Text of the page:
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Ben-gurion Studies Argentine Demand on Eichmann; Likely to Reject It

June 10, 1960
See Original Daily Bulletin From This Date

Prime. Minister David Ben-Gurion is studying the Argentine demand for the return of Adolf Eichmann, and sources close to the Prime Minister’s office said today that a negative reply to Argentina was almost certain.

In reference to the Argentine threat to bring the matter to the United Nations, if Israel does not act within a week, political sources said that Israel would be rather interested in having the United Nations discuss the Eichmann case. It was pointed out that a UN hearing would restore perspective to the entire issue surrounding the case, by calling the world’s attention to the enormity of the Nazi crimes against the Jewish people.

It was indicated today that there probably will not be a special meeting of the Israel Cabinet on the Argentine demand. The Government will discuss the question at the regular weekly Cabinet meeting Sunday. No special reason for haste in answering was seen since, in any event, there was still a whole week to determine action, sources close to the Premier’s office said.

The Foreign Ministry declined comment on the demand of the Argentine Government for the return of the Nazi mass murderer. A Foreign Ministry spokesman said only that the text of the Argentine note was received only this morning and immediately transmitted to Prime Minister Ben-Gurion, who is acting Foreign Minister in the absence of Mrs. Golda Meir. She is now touring the United States.

Israelis were reported to feel that the Argentine reaction, however understandable in a normal case, was exaggerated and misdirected in the Eichmann situation. The reaction of shock here also dampened somewhat what was beginning to be a mounting criticism of the manner in which the Prime Minister and the Foreign Ministry had handled the aftermath of Eichmann’s capture. The criticism was directed particularly at the text of the Israel note, and the reference to “volunteers” as having tracked down and seized the Nazi criminal.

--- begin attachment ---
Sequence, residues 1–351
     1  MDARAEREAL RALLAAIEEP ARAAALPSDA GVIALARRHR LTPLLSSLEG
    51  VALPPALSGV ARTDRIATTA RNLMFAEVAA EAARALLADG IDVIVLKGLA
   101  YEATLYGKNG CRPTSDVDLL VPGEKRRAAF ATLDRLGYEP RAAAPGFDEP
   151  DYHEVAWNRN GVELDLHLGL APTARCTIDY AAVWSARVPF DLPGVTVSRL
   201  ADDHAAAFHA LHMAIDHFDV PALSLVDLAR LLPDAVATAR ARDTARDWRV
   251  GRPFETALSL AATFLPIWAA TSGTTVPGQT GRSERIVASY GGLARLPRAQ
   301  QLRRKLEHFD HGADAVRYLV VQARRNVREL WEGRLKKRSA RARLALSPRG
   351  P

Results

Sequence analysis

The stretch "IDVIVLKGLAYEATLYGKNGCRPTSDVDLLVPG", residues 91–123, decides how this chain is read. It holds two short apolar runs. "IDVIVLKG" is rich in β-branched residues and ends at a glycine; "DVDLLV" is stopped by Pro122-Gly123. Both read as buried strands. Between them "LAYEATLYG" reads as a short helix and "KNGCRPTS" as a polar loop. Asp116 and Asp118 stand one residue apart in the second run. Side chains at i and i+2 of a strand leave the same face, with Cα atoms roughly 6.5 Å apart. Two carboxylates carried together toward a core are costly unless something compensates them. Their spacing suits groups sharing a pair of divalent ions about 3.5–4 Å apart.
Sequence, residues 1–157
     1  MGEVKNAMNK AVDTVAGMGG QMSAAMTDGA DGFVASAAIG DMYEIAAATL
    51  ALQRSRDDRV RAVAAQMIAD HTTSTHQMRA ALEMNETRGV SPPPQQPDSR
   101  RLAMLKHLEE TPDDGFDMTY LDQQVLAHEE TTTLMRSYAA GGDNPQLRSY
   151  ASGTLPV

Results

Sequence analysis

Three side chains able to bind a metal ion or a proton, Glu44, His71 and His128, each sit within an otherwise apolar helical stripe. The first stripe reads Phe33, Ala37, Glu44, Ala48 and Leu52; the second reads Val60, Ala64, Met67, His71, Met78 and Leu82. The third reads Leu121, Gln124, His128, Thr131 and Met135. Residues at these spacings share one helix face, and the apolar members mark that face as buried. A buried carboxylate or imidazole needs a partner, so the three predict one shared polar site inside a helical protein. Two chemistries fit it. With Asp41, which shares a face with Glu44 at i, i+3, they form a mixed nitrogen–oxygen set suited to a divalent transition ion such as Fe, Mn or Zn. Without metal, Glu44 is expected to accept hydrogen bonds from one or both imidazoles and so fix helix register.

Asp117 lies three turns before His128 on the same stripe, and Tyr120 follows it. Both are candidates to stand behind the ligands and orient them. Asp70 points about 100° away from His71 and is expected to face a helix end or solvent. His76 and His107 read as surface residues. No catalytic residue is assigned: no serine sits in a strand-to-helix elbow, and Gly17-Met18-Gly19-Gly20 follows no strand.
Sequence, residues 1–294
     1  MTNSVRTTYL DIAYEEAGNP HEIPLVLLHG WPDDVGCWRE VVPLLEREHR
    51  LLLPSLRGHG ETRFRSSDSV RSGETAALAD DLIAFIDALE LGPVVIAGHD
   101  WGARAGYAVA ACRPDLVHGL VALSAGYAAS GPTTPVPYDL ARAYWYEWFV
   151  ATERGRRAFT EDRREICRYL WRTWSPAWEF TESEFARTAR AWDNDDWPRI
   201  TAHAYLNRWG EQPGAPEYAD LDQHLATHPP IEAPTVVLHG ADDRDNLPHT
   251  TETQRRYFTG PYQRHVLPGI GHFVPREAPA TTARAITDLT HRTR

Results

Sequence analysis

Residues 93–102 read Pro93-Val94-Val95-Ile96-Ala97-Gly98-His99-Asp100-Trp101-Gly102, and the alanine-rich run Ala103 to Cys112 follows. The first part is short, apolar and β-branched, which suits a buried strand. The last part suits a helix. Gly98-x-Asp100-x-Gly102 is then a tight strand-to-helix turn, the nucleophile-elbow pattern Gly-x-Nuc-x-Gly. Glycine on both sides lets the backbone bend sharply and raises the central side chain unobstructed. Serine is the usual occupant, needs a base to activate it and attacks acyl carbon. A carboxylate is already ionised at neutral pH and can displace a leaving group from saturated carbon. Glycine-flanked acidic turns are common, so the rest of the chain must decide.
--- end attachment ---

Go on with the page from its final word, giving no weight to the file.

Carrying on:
Evening newspapers here carried statements on the Argentine demand headlined “NO!” in large type. Maariv declared that “it is every Jew in Israel who would say Just one word in reply to Argentina–no.” The newspaper added that Eichmann should not be returned to the country where he found a quiet shelter for so long.

“Even if the price for this is high, as it may be, it is not only Israel’s right to try Eichmann but also the obligation given to Israel by the 6, 000, 000 Jews who cannot say anything now,” the newspaper, which has the largest circulation in Israel, stated.

Garcias Arias, Argentina’s Ambassador to Israel, meanwhile was understood to have received instructions to report to Buenos Aires immediately and he was expected to leave tomorrow. He may call at the Israel Foreign Ministry before his departure. The fact that the Ambassador’s wife is remaining in Israel was considered an indication that the Ambassador had not been recalled but only called back to make a report and for consultations.

Israeli experts on international law asserted that Argentina was in error in saying, in its note demanding Eichuana’s return, that Eichrnann was being charges by Israel with genocide and, therefore, he should be tried in the countries where he committed his crimes or before an international tribunal. The experts emphasized that the charges against Eichmann, as stated before Haifa Magistrate Alfred Bach, were crimes against humanity under the taw for punishment of Nazis and their collaborators, which is an Israeli law.

It was also noted that the Israel-Argentine extradition treaty, while signed shortly before Eichmann’s capture, has not yet been ratified by either country. Moreover, Israelis were becoming doubtful that Argentina would have extradited Eichmann. noting that Argentina has not extradited various ex-Nazis whose return has been requested by various countries, including West Germany and Yugoslavia.

It was disclosed meanwhile that when Eichmann was seized he asked to be brought to a West German court for trial. When he was told that the alternatives for him were trials either in Israel or in one of the European countries where he had directed Nazi occupation activities, he reportedly replied he preferred trial in Israel.

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